“[The $8 billion is] spread globally so it’s not as much as it sounds,” Hastings told an audience in Vancouver at a mid-April 2018 TED Talk, noting that, when it comes to choices about where to spend money on original content, Netflix looks both at what other studios are creating (Amazon Prime Video will spend about $4.5 billion in 2018 on original content) as well as its own internal viewership data about what people already watch.

“We’re metacognitive about quality,” said Hastings. “That’s sort of our aspirational self. It works out much better, to please people, to look at the actual choices that they make.”

KEEPING THE SHIFT FROM HITTING THE FAN

With this very real shift underway, what are some key components of media delivery to be aware of over the next 18 months?

There are a number of buzzwords in the media industry today, ranging across interconnected topics—from formats, resolutions, and standards-based names to basic delivery protocols—and we’ve only got a few thousand words in which to tackle the topic.

So let’s spend the rest of this article highlighting important next-generation delivery approaches that we’re going to cover in more detail in future articles.

Encoding to Decode

The current state of codec dominance seems to be a perennial discussion. Almost as sure as there will be snow in Wisconsin each winter, annual advancements in encoding technologies will make for significant uncertainties for content creators and content publishers.

We’ll not dwell on this topic of which codec to choose, since fellow Streaming Mediawriters such as Jan Ozer and Dom Robinson have covered key components (no pun) of the codec debates. Ozer has done several articles (as well as a few interviews at the National Association of Broadcasters show in Las Vegas earlier in 2018) that delve into details around the Alliance for Open Media AV1 codec as well as the newest licensing issues around High Efficiency Video Coding (HEVC or H.265).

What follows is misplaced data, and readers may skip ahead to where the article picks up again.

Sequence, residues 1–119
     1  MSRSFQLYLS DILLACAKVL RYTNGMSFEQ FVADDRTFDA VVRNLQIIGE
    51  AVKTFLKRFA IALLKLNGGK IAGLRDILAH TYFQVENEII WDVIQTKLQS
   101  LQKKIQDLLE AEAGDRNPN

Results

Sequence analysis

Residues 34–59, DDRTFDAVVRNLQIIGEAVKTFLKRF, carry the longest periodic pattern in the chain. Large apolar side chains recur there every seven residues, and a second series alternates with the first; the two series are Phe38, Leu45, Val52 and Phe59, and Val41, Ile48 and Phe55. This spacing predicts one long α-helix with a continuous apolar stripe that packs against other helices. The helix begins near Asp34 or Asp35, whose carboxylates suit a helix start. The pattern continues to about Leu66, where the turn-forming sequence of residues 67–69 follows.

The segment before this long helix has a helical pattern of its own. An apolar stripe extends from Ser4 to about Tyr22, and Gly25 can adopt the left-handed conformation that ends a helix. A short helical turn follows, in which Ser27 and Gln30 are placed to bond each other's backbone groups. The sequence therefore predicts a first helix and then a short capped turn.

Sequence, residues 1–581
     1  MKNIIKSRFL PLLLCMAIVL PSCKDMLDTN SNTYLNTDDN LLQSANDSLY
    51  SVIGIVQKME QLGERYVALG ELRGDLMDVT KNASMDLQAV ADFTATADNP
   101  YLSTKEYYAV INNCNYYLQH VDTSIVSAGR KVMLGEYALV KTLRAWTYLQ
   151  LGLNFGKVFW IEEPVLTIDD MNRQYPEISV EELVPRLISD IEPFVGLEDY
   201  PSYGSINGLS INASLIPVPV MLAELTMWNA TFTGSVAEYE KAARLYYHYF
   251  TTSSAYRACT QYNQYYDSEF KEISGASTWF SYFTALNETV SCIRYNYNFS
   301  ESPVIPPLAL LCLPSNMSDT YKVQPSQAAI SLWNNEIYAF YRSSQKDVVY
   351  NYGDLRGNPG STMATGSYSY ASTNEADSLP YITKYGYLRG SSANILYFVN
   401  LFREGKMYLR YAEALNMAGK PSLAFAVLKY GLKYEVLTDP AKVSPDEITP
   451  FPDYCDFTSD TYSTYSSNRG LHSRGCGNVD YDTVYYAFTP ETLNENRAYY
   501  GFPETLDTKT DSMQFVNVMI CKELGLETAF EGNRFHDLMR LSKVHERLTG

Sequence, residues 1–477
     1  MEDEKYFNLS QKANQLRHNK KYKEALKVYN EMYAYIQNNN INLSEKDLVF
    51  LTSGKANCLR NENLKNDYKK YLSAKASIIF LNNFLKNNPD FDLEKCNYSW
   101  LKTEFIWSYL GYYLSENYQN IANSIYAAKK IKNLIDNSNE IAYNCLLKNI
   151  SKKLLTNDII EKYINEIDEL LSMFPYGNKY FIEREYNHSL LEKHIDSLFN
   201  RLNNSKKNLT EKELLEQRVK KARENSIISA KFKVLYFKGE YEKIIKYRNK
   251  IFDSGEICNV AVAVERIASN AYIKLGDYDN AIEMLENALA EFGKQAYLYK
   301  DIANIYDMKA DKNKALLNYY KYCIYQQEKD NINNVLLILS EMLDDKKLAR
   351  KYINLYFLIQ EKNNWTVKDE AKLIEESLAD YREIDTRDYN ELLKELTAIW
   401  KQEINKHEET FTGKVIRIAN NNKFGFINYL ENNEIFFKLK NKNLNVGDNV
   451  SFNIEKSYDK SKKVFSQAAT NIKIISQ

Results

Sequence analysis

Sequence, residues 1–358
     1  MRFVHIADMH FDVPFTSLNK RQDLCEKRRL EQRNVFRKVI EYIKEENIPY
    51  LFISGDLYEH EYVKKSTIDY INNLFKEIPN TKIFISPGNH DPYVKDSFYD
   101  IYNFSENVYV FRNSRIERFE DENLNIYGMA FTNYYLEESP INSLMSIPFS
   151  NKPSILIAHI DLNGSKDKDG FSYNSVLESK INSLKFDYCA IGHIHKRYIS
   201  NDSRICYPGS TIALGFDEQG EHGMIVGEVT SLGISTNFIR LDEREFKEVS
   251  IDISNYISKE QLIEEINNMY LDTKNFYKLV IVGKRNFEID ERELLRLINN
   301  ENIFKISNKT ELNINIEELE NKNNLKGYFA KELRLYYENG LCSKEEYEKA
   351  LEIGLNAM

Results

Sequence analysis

Robinson and I, on the other hand, have written and spoken around the topic of moving past single-codec dependence. I wrote a guest blog post recently on the Wowza Media Systems blog titled “Do Codecs Really Matter?” (the short answer is no, if you have a robust media server solution), and I remain a firm believer in the power of innovation around perceptual quality optimization, content-aware encoding, and even the more recent context-aware encoding, which centers on dynamically encoding streams for the given device-network combination(s) that a particular on-demand video asset or live video stream will be played back on.

Given the lead time of a typical magazine article, one thing is for certain: Regardless of what we write here, the fluidity of the new codec-of-the-month approach to the market will render our pontifications about codecs at least partially obsolete by the time you read this, so be certain to keep up with StreamingMedia.com for the latest on licensing, codec optimization, and even the ever-present specter of Advanced Video Coding (AVC or H.264) continuing to improve its baseline optimization for high frame rate (HFR) and high dynamic range (HDR) delivery of 1080p60 10-bit streams as a way for AVC to stay relevant in the marketplace.

Where Do I Look?

In the world of immersive video, whether VR or 360° video, there are several next-generation approaches that seem to be gaining traction.

One of these is outlined in a January 2018 article published by the IEEE called “Gaze-Aware Streaming Solutions for the Next Generation of Mobile VR Experiences,” which argues for weighting next-generation stream delivery based on anticipated gaze. If video optimization to date has focused on one to five frames of referential detail to enhance video clarity while keeping latencies low, based around the human visual system, the idea around gaze-aware encoding is to move beyond content- or context-aware encoding and toward anticipatory viewing based on neuroscience. The article’s authors, several of whom work for the KTH Royal Institute of Technology in Stockholm, plus an author who works for Ericsson, premise the new solution as one that “aims to deliver high visual quality, in real time, around the users’ fixations points while lowering the quality everywhere else.”